Contending with this crisis will require an all-hands-on-deck approach, contends Jasha Karasek, a winemaking specialist at Enartis and an upcoming Enforum USA presenter. Karasek and his team are working with winemakers in regions already feeling the negative effects of climate change to help improve wine quality.
“Some of the biggest effects of climate change in warmer regions are that grapes and wines are developing lower acidity, higher Brix and higher PH levels,” Karasek says. “All of those things together can create higher alcohol wines, flabby flavors and issues with shelf stability.”
Karasek frequently hears from winemakers across the world who are having what they consider to be unusual fermentations; in particularly compelling cases, members of his team will go to the winery during fermentation and observe what’s happening, taking samples of the wine during fermentation.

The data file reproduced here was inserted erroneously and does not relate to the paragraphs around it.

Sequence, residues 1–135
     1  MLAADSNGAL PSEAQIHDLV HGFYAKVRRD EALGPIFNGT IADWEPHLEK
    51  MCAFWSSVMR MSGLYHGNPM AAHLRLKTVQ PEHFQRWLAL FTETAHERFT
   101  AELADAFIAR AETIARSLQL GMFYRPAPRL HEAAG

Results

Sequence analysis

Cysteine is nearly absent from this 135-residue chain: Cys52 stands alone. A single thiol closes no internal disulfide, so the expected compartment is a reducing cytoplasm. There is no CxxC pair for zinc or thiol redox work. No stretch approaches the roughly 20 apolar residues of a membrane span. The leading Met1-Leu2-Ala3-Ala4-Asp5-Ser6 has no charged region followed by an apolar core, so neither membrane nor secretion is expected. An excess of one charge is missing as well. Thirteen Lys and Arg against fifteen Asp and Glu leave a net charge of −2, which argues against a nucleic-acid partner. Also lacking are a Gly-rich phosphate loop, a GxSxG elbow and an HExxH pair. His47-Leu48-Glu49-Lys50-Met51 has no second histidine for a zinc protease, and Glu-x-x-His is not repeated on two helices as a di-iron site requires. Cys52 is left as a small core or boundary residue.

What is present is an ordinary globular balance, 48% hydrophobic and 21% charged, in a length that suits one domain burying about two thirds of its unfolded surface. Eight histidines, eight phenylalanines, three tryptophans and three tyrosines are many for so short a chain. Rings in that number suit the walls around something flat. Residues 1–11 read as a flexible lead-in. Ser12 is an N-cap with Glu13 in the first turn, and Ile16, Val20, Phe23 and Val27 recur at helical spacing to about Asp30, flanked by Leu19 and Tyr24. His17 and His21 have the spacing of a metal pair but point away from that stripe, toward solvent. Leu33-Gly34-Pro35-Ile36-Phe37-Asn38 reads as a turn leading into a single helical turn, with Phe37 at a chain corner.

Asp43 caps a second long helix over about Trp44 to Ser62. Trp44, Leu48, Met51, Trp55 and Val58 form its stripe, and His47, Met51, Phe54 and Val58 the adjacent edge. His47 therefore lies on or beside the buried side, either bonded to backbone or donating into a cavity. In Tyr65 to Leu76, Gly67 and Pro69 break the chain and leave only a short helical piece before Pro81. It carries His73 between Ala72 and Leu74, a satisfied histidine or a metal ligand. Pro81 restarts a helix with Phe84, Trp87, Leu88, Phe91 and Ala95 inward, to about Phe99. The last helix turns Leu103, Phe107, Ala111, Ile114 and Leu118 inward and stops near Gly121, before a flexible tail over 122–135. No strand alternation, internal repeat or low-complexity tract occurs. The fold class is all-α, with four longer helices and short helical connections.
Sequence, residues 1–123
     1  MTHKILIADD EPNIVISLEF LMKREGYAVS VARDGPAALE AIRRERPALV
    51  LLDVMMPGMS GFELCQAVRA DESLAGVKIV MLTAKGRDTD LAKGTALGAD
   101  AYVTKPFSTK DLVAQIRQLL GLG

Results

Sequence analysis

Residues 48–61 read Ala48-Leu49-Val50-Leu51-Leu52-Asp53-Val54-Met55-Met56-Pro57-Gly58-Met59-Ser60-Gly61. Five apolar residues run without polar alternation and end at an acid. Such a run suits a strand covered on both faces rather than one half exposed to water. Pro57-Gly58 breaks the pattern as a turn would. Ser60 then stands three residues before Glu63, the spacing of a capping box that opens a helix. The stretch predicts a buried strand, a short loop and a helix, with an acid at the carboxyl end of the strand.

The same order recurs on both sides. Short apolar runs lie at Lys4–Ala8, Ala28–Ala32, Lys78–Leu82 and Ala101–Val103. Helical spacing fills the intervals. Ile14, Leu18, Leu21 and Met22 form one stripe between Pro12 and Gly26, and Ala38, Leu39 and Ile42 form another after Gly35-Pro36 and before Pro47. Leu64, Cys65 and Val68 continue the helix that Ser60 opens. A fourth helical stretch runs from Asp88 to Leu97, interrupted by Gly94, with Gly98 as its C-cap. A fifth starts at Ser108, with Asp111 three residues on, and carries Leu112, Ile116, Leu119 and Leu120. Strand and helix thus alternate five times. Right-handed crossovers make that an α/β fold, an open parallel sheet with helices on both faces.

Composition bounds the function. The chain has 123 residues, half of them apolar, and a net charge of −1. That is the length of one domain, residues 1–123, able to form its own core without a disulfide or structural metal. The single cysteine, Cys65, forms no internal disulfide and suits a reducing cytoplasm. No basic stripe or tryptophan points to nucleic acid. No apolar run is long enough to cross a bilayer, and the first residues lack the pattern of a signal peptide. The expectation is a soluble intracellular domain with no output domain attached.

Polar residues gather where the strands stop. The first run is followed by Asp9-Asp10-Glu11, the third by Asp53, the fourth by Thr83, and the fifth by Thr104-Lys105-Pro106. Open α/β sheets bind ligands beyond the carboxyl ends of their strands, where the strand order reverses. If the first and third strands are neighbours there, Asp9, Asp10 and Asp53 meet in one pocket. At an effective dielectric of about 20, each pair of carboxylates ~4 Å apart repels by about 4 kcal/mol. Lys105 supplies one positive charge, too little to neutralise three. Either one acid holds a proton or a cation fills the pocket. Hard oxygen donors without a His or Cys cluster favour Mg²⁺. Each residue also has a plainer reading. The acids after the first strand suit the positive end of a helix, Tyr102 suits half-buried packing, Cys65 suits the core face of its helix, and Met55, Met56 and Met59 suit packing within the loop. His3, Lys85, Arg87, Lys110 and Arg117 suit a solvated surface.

Back at the Enartis lab in Windsor, Calif., team scientists will then isolate the yeast and figure out what it’s up to.
“Several years ago, we visited a winery making Amarone della Valpolicella, where grapes are harvested and then dried for several months,” he explains. “Crush and fermentation happens during winter months, and spontaneous fermentation happens with several yeasts playing a part. We isolated the cryophilic, or cold-loving species Saccharomyces uvarum and the Saccharomyces cerevisiae, and discovered they could help mitigate several of the issues winegrowers in warmer climates are seeing.”
In 2018, the company sold a blend, dubbed EnartisFerm ES U42, which lets winemakers produce wines with low alcohol, higher acidity and more intensely fruity and floral aromas. Last year, Enartis released an isolated strain of Sacchoramyces uvarum, finding that on its own, it produces similar results and, used with other yeasts, it can mimic the complexity that can come with native fermentations — but without any of the downsides.